Tuberculosis, commonly known as TB, is a potentially serious infectious disease that mainly affects the lungs. TB is spread through the air when someone with active TB infection in their lungs coughs, speaks, sneezes, or spits. According to the World Health Organization, TB remains one of the top 10 causes of death worldwide, killing over 1.5 million people each year. So what exactly are the symptoms of this concerning respiratory disease?
TB has both latent and active stages. In latent TB, the bacteria lie dormant in the body without causing any symptoms. People with latent TB are not infectious. Active TB that affects the lungs or throat causes the most common TB symptoms like coughing, chest pain, and coughing up blood. But TB can occur outside the lungs too, leading to a wide range of less common symptoms depending on the part of the body affected.
Understanding the various signs and symptoms of TB is crucial for getting proper screening and early treatment. Left untreated, active TB can permanently damage organs and be fatal. Let's take a closer look at the typical and atypical symptoms of tuberculosis disease.
Common Symptoms of TB Affecting the Lungs
The most frequent symptoms of active pulmonary TB include:
A cough that lasts for 3 weeks or longer is one of the most tell-tale signs of TB disease. The cough may initially be dry but eventually produces thick mucus or phlegm from the lungs. This long-lasting cough may be accompanied by chest pain and wheezing as the infection causes inflammation in the respiratory tract.
Coughing Up Blood
Coughing up blood or bloody mucus is another common TB symptom. This bloody sputum indicates severe lung damage and occurs in about 25% of those with active TB. Coughing up blood should never be ignored as it signifies an advanced stage of infection.
Fever and Chills
Low-grade fevers in the evening and night sweats are characteristic symptoms of TB disease. The fever is typically mild but may spike as high as 104°F during active infection. Shaking chills often accompany the fever.
Unexplained Weight Loss
Losing a considerable amount of weight without trying is a classic sign of active TB, especially in the elderly. This unexplained weight loss is due to poor appetite and the body diverting energy towards fighting the lung infection.
Excessive tiredness and fatigue are common issues reported by those with active TB. This lack of energy prevents normal activity and work. The fatigue may be accompanied by overall body weakness.
Chest pain occurs in about 25% of active TB cases. The pain worsens when breathing deeply or coughing due to inflammation of lung tissue. The chest pain may feel sharp, stabbing, or a dull ache.
Drenching night sweats that require changing clothes or bedding is often reported with TB. These episodes of excessive sweating typically occur in the early morning hours. Night sweats along with fever can point to TB.
Uncommon Symptoms of TB Outside the Lungs
Though the lungs are the most common site, TB can occur in other areas of the body too. Extrapulmonary or disseminated TB accounts for about 20% of cases. The symptoms of TB disease outside the lungs depend on the exact location affected:
Swollen Lymph Nodes
Cervical lymphadenitis or swelling of lymph nodes in the neck is the most common form of extrapulmonary TB. The lymph nodes may become enlarged and painful.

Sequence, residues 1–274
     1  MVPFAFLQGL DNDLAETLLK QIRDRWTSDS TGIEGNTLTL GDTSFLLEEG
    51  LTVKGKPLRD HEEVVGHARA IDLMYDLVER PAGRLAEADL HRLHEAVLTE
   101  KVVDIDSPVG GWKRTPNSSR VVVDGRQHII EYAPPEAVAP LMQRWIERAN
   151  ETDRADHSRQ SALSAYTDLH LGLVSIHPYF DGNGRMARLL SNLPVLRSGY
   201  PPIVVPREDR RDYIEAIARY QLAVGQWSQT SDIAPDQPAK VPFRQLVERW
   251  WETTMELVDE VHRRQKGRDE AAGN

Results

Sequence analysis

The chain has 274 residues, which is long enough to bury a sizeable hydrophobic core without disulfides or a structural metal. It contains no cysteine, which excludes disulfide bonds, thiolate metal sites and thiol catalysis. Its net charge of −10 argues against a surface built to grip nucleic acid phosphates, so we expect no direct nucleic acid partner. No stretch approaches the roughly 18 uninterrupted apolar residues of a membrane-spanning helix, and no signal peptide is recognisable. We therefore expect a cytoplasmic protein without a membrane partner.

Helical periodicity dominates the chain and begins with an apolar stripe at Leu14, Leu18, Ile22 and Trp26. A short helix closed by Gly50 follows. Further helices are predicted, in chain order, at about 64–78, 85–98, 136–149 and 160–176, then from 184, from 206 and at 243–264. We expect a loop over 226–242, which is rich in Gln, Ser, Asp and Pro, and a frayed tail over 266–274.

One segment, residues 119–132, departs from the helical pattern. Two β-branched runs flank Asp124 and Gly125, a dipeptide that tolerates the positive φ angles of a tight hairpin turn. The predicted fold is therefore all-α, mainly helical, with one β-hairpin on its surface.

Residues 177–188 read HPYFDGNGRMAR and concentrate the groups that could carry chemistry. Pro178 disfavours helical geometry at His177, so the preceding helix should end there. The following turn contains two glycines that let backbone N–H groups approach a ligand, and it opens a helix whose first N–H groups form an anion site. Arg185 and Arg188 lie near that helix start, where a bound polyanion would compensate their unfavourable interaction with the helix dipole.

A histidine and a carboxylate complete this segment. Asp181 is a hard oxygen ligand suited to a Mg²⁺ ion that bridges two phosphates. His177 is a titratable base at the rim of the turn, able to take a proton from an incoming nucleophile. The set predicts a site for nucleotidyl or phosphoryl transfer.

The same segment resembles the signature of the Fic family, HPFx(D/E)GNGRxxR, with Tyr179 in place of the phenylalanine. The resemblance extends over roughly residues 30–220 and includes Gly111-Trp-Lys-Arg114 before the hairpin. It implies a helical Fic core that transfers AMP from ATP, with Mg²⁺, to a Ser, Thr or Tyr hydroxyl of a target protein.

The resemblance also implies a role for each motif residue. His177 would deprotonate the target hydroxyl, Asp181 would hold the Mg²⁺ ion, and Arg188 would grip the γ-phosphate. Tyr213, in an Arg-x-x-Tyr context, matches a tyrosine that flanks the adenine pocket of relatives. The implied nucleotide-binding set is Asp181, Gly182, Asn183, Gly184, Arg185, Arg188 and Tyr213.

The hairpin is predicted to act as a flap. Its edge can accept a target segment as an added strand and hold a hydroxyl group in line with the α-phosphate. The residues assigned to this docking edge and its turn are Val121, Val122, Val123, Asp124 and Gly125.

Spinal TB or TB of the vertebrae can cause persistent lower back pain. The back pain may be accompanied by stiffness and tenderness.
Joint Pain and Swelling
TB arthritis usually affects the hips and knees. It causes painful, swollen joints that are warm and tender to touch.
TB meningitis, an infection of the membranes covering the brain, leads to headaches that get worse over time. Severe headaches along with fever and mental confusion are characteristic.
Abdominal TB starts with mild pain that gets worse over time. There may also be abdominal swelling, diarrhea, and constipation.
Genitourinary TB can cause pelvic pain, frequent urination, and blood in the urine. In severe cases, kidney failure can occur.
Why Early Testing is Vital
The wide range of TB symptoms makes it crucial to get tested if anything feels off. Many people have latent TB infection without realizing it because there are no signs initially.
But latent TB can later convert to infectious active disease if the immune system is compromised due to conditions like HIV/AIDS, diabetes, or immunosuppressant medication. According to the CDC, around 5 to 10% of latent TB cases become active TB if left untreated.
Getting tested even when symptoms seem minor allows early diagnosis and treatment. This prevents transmitting the infection to others and avoids serious complications. Delaying testing gives the TB bacteria time to multiply and spread deeper into the lungs and other organs where it can cause permanent damage.
Several screening and diagnostic tests are available to detect TB - a skin test, blood tests, chest X-ray, and sputum cultures. Doctors can also analyze your symptoms and risk factors like close contact with someone who has infectious TB. Don't ignore persistent respiratory symptoms or unexplained weight loss. Consult your doctor about getting a TB test.
With timely testing and prompt treatment, the outlook for TB is good. But without medications, up to 70% of people with active TB disease will die within 5 years. That's why it's critical not to overlook any potential signs and get checked out. If diagnosed early, TB can be cured with a standard 6-9 month antibiotic regimen.
So be aware of both the common and uncommon symptoms that could indicate TB infection. Listen to your body and discuss any lingering health issues with your doctor. Getting tested quickly offers the best chance for recovery without complications. With awareness and early action, we can gain the upper hand over this global health menace.